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Norman BN2 Islander / Defender

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Britten-Norman BN2 Islander / Defender

bnislander

BN-2


In 1962 the two partners, John Britten and Desmond Norman, decided to build a plane of their own. The essential factors were low cost, all-weather construction, twin engine reliability and a good payload. The design was of classic simplicity: a one-piece wing with no dihedral, Hoerner-type tips, slab-sided fuselage with seating for up to 10 passengers. The prototype was powered by two 210-hp Continental engines with a fixed tricycle undercarriage. Bench-type seats for two people eliminated the need for a central aisle and these were accessed by three doors, two port and one starboard, with the rear door being of extra width to allow ease of cargo loading. The Islander can also be operated as a freighter carrying more than a ton of cargo. Passenger baggage is stored in a large 30 cu.ft. bin behind the cabin with an access door on the port side.The first metal was cut in September 1964 and the aircraft was hand crafted on a “Dexion” jig. The prototype took to the air for its first flight of 70 minutes on 13 June 1965 with both John Britten and Desmond Norman at the controls. There were some shortcomings which an increase in wing span by 1.22 metres and more powerful Avco Lycoming 260-hp engines cured.


A choice of wings was offered, so the plane could be fitted with the standard 49-foot-span wings or extended 53-foot wings, using raked tips and auxiliary fuel tanks.
Delivery of the Islander began in August 1967, but the great number of orders from over 50 countries forced Britten-Norman to subcontract manufacture of a number of the mini-airliners to the British Hovercraft Corporation. Others were produced in Romania by IRMA - which was then trucked to Bembridge for completion. Buyers were able to choose Lycoming engines: 260 or 300 hp. A Rajay turbocharging unit increased the Islander’s twin-engine ceiling to 26,000.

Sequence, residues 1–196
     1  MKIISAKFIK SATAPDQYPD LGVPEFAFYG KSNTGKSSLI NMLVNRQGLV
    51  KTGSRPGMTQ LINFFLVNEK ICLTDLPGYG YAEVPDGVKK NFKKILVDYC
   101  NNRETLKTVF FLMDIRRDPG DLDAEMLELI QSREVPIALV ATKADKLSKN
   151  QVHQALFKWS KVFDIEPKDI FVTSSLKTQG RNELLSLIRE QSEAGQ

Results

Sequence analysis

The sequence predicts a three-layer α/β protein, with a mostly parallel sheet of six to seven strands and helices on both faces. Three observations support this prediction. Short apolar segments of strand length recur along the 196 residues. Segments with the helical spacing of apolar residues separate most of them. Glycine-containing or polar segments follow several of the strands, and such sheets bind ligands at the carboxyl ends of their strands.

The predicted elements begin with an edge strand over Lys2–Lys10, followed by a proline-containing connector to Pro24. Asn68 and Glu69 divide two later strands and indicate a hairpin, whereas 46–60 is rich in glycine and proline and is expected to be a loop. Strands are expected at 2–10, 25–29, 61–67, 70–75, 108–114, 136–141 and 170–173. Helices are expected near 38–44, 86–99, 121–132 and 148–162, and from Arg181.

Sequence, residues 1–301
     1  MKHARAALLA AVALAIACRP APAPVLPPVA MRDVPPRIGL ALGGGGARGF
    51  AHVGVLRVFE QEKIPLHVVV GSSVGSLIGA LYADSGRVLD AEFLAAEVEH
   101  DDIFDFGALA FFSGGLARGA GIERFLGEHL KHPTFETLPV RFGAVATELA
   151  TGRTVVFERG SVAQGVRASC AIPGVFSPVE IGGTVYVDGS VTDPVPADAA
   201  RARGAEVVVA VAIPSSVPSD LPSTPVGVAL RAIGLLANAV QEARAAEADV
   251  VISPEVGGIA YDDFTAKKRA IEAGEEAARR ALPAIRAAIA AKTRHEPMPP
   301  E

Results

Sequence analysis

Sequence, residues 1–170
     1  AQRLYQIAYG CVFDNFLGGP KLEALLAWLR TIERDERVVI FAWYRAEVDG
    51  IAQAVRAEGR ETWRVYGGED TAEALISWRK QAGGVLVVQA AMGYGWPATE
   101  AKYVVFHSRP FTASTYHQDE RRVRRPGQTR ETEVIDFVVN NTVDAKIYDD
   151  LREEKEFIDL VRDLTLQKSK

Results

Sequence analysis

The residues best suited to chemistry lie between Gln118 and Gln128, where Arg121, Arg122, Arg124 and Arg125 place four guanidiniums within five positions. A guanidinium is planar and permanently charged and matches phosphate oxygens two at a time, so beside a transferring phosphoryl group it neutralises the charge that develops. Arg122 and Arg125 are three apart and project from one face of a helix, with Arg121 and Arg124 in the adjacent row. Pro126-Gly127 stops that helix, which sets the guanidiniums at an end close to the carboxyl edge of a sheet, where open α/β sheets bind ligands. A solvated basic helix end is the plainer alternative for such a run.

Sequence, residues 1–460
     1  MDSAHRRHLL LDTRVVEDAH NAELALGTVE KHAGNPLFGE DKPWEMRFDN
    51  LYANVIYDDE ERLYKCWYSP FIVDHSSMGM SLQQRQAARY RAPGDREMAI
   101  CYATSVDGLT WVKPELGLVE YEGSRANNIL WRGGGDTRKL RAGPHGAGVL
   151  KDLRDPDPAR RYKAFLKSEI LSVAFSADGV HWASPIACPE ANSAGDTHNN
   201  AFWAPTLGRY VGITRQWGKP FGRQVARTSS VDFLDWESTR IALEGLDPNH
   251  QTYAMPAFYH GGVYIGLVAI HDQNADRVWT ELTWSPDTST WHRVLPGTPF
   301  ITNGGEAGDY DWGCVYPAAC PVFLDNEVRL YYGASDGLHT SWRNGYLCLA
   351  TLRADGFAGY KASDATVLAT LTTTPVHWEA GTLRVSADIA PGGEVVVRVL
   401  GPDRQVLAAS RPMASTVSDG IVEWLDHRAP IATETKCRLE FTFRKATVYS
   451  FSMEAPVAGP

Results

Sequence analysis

Britten-Norman developed two other variants for demonstration at the 1976 Farnborough Show, the "Firefighter" and "Agricultural Islander". While both designs proved themselves technically, no orders were forthcoming and the variants were shelved.


Arrangements were made with Rornaero in Bucharest, Romania, to produce the airframes. The engines, propellers, and undercarriage are trucked across Europe to where the aircraft are assembled under UK CAA supervision then, with basic instrumentation and a pilot’s seat fitted, the aircraft is flown in dull grey primer to Bembridge to be completed to customer’s requirements.


The BN-2 Super was developed by inserting a 33-inch plug in the fuselage of the production prototype, G-ATWU, allowing for an additional row of seats, however, the version was never put into production. To increase the Islander’s hot and high performance Lycoming IO-540K 300-hp fuel-injected engines were fitted. Another modification involved fitting wingtip tanks which increased the span to 53 feet while droop flaps and droop leading edges increased performance.